Americans Imprisoned in Iran; What Happened to Michael Rockefeller?; Diaries of a Cold War Diplomat; Defying the Draft

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Tuesday, March 18, 2014

On today’s show: we’ll talk with Shane Bauer, Joshua Fattal, and Sarah Shourd—the three Americans who were captured by Iranian forces while they were hiking and were held for two years. Carl Hoffman explains how he uncovered new evidence about the disappearance of Michael Rockefeller in New Guinea in 1961. We’ll look at the never-before-published diaries of George F. Kennan, who devised the policy of containment during the Cold War. Bruce Dancis talks about becoming an anti-war activist in the 1960s—and going to prison for resisting the draft during Vietnam.

Imprisoned in Iran

Three American hikers were held in Iran's Evin Prison for two years on charges of espionage tell their story of isolation and survival.

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Michael Rockefeller's Mysterious Disappearance

The explorer vanished in New Guinea in 1961, and despite exhaustive searches, no trace of him was ever found. More than 50 years later, one journalist thinks he knows what happened. (Hint: it involves cannibals).

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The Kennan Diaries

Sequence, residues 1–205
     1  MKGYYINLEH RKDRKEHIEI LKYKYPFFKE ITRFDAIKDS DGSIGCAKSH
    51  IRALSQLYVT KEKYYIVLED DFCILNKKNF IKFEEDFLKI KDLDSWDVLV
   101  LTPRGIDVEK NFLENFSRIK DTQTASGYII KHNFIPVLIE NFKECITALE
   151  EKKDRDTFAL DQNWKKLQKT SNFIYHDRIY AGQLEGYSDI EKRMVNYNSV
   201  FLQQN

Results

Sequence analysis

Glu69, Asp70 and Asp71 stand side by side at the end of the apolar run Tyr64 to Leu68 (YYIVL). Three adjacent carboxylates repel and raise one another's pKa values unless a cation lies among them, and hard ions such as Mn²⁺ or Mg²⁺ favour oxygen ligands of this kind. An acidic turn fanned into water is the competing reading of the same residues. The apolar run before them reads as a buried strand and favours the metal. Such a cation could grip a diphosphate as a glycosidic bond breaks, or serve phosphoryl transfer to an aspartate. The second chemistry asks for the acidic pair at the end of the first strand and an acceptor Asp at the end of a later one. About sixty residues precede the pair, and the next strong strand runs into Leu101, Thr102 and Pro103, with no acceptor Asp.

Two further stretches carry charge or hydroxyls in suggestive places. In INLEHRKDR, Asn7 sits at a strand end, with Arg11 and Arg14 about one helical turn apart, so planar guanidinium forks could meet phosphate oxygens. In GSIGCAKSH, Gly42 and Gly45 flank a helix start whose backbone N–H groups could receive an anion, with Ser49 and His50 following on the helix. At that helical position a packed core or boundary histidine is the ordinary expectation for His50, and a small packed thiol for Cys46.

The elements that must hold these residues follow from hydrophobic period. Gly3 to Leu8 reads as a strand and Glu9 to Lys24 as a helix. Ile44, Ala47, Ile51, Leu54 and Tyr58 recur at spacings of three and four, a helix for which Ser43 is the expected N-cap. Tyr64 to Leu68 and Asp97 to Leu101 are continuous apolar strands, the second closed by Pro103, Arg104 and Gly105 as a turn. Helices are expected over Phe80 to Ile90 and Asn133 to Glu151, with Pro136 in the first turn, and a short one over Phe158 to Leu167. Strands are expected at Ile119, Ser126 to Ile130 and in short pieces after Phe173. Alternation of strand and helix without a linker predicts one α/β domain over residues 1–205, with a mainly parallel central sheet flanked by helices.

Historian Frank Costigliola discusses the diaries of George F. Kennan, America’s most respected foreign policy thinker of the 20th century. His career included early postings in eastern Europe followed by Berlin in 1940–41 and Moscow in the last year of World War II. In 1946, the 42-year-old Kennan authored the “Long Telegram,” a 5,500-word indictment of the Kremlin that became mandatory reading in Washington. A year later, in an article in Foreign Affairs, he outlined “containment,” America’s guiding strategy in the Cold War. The Kennan Diaries, spans 88 years and totals over 8,000 pages, and is full of keen political and moral insights, philosophical ruminations, poetry, and vivid descriptions.

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Protest and Prison During the Vietnam War

Bruce Dancis became the first student at Cornell to defy the draft by tearing up his draft card and soon became a leader of the draft resistance movement in the 1960s. He was the principal organizer of the first mass draft card burning during the Vietnam War. Dancis spent 19 months in federal prison in Ashland, Kentucky, for his actions against the draft. Dancis gives us an insider's account of the antiwar and student protest movements of the 1960s and at the prison experiences of Vietnam-era draft resisters. He writes about it in Register: A Story of Protest and Prison During the Vietnam War.

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